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Anti-Semitism A Major Problem for Jews Everywhere, Says Expert

Arutz Sheva discussed Holocaust Martyrs and Heroes Memorial Day with Carol Nuriel, a senior researcher at the Anti-Defamation League.
By Moshe Cohen
First Publish: 4/27/2014, 10:49 PM

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Arutz Sheva discussed Holocaust Martyrs' and Heroes' Memorial Day with Carol Nuriel, a senior researcher at the Anti-Defamation League, and asked her for her opinion on recent increases in the levels of anti-Semitism around the world. Nuriel said that there had never really been a fall in the level of anti-Semitism. “It's always there in the background, waiting for an opportunity to burst forth,” she said. “We see, for example, how the unrest in Ukraine is being taken advantage of by anti-Semitic groups for attacks against Jews, and how events in Israel and the Middle East raise the specter of anti-Semitism.”

With that, there has been a fall in the number of anti-Semitic acts in the US, with reported cases down 19% over the past year. However, what incidents there were were more serious. The most recent incident showing that level of anti-Semitism was the shooting in Kansas by a former top KKK organizer.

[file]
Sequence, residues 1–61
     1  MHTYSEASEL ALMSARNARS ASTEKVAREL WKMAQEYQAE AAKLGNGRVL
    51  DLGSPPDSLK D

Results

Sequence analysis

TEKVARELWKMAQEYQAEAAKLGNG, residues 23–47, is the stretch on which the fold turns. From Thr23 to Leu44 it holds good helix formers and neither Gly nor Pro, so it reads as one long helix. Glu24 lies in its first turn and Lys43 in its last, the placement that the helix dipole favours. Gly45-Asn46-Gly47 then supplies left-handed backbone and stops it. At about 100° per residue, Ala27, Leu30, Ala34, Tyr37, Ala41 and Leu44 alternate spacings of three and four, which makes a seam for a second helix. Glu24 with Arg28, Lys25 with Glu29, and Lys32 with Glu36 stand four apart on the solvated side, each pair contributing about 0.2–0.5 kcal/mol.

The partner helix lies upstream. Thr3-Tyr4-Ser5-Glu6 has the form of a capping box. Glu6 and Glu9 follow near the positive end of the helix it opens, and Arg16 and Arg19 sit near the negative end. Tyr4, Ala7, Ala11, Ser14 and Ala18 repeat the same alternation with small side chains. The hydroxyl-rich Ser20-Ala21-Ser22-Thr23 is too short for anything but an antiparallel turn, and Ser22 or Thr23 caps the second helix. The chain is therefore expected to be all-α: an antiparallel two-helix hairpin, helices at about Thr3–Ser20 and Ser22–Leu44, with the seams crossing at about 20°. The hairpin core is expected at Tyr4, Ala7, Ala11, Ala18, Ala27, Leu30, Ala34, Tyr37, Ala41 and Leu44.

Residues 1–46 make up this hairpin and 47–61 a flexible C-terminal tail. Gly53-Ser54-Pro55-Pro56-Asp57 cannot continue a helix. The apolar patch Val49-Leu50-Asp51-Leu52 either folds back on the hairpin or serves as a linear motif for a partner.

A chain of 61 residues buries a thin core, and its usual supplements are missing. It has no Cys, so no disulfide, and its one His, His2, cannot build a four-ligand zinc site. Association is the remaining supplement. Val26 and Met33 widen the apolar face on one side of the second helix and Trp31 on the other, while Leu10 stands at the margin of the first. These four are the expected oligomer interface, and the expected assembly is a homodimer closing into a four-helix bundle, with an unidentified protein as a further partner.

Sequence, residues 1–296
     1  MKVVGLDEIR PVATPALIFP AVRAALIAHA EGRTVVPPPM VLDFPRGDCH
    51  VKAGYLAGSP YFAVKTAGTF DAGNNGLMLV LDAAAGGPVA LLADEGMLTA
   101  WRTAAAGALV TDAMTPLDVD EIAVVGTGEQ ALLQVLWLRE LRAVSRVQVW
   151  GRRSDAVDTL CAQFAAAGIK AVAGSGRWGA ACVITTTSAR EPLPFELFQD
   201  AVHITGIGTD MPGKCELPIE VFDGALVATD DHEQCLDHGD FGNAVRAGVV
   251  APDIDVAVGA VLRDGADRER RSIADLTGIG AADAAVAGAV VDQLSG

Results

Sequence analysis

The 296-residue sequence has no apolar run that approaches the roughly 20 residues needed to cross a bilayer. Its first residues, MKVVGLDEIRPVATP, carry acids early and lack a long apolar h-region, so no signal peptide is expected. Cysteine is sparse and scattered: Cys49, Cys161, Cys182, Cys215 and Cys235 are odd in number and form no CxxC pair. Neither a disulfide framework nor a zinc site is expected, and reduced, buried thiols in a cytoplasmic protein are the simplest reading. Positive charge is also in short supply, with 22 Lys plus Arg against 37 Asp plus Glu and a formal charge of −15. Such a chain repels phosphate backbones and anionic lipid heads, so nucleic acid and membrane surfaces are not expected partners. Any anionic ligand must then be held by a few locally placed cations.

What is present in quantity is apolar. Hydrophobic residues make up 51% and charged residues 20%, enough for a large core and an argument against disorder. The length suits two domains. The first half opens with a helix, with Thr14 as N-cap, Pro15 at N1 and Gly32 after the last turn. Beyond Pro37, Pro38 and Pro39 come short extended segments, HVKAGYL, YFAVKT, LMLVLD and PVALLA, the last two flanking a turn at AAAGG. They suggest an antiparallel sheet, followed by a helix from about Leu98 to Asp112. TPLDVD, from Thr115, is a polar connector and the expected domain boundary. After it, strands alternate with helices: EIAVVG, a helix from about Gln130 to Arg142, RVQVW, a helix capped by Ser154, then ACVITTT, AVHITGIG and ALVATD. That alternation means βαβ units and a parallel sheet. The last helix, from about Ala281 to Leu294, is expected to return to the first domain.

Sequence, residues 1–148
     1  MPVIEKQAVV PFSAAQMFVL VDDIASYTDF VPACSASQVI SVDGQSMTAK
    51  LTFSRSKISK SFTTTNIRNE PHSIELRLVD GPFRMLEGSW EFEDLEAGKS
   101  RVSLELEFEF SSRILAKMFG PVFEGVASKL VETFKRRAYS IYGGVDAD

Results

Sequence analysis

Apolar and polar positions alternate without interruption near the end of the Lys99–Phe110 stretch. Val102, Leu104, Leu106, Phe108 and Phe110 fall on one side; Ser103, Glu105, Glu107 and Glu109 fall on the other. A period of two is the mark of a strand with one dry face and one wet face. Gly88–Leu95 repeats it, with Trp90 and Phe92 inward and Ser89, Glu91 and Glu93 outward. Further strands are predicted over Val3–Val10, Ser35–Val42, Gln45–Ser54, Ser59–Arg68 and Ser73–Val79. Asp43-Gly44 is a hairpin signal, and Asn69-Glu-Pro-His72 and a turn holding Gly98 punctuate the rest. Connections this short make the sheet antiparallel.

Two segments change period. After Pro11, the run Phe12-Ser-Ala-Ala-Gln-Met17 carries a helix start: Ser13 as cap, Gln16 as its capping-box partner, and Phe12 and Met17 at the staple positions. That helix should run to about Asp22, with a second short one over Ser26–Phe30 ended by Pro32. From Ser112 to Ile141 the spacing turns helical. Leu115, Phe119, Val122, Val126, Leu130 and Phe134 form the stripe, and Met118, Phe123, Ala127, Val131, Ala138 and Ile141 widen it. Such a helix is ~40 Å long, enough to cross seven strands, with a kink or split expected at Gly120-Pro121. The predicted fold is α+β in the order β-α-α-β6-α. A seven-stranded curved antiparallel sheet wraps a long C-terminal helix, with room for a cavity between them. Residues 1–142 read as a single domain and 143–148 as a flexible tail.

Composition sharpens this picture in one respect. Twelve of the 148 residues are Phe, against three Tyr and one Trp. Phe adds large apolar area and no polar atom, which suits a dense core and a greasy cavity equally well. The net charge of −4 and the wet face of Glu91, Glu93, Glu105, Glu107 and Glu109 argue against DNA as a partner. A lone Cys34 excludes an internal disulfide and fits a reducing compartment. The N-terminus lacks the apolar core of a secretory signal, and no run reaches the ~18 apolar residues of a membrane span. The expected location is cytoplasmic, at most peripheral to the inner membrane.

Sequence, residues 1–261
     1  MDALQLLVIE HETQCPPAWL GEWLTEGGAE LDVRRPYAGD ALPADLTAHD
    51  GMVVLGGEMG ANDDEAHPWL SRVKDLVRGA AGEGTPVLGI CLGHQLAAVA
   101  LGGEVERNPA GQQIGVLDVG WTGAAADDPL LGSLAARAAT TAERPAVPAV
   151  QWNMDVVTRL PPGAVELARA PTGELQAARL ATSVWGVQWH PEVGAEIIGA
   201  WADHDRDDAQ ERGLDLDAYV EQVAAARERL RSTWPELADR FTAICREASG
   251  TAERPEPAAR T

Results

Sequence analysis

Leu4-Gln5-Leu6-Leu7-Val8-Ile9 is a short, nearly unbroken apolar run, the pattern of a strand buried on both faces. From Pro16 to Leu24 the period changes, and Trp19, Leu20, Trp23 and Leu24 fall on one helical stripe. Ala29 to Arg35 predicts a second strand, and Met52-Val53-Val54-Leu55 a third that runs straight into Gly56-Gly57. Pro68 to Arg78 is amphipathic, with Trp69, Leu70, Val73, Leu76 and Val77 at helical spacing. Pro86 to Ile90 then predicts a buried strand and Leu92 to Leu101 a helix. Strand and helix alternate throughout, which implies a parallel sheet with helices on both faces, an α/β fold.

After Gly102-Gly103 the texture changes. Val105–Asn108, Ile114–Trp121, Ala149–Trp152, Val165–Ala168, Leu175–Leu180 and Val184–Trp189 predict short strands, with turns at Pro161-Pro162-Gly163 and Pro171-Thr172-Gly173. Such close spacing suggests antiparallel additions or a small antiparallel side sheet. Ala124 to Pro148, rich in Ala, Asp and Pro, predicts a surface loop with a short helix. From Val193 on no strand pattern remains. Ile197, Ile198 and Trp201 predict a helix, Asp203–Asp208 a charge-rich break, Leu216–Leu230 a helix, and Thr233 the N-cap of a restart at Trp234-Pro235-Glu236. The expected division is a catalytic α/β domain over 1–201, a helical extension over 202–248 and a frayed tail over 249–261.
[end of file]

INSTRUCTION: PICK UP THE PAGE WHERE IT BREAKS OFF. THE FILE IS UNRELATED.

Religion, of course, plays a major role in anti-Semitism, she said. “The Christian world has a hard time breaking away from the notion that the Jews murdered Jesus, despite Vatican declarations to the contrary. This belief, along with the belief that Jews use Christian blood to bake matzahs, is still prevalent among some people.”

That blood libel is very widespread among the Arabs, she said. The media in Arab countries present “scientific studies” that claim to show the veracity of that claim. “The Arab populations easily 'buy' those stories because their state media promotes them,” said Nuriel.

Another aspect of modern anti-Semitism is the accusation that Jews are guilty of “dual loyalty,” putting loyalty to Israel before loyalty to their own countries. Many of these stories are spread over the internet, which is helping anti-Semitism grow in a way that cannot be ignored.

All these phenomena are experienced by Jews around the world to some extent, with some “strains” of anti-Semitism more dominant in certain areas than others. But all Jewish communities experience them to some extent. According to Nuriel, communities must learn to defend themselves, and keep law enforcement abreast of developments. Nuriel hopes that additional laws against hatred will be passed in places where anti-Semitism is prevalent.